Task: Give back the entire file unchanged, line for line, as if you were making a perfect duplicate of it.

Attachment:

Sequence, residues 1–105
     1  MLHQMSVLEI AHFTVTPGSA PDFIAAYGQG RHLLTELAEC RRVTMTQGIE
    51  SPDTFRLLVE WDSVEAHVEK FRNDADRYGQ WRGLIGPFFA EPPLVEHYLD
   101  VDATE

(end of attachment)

Sequence, residues 1–105
     1  MLHQMSVLEI AHFTVTPGSA PDFIAAYGQG RHLLTELAEC RRVTMTQGIE
    51  SPDTFRLLVE WDSVEAHVEK FRNDADRYGQ WRGLIGPFFA EPPLVEHYLD
   101  VDATE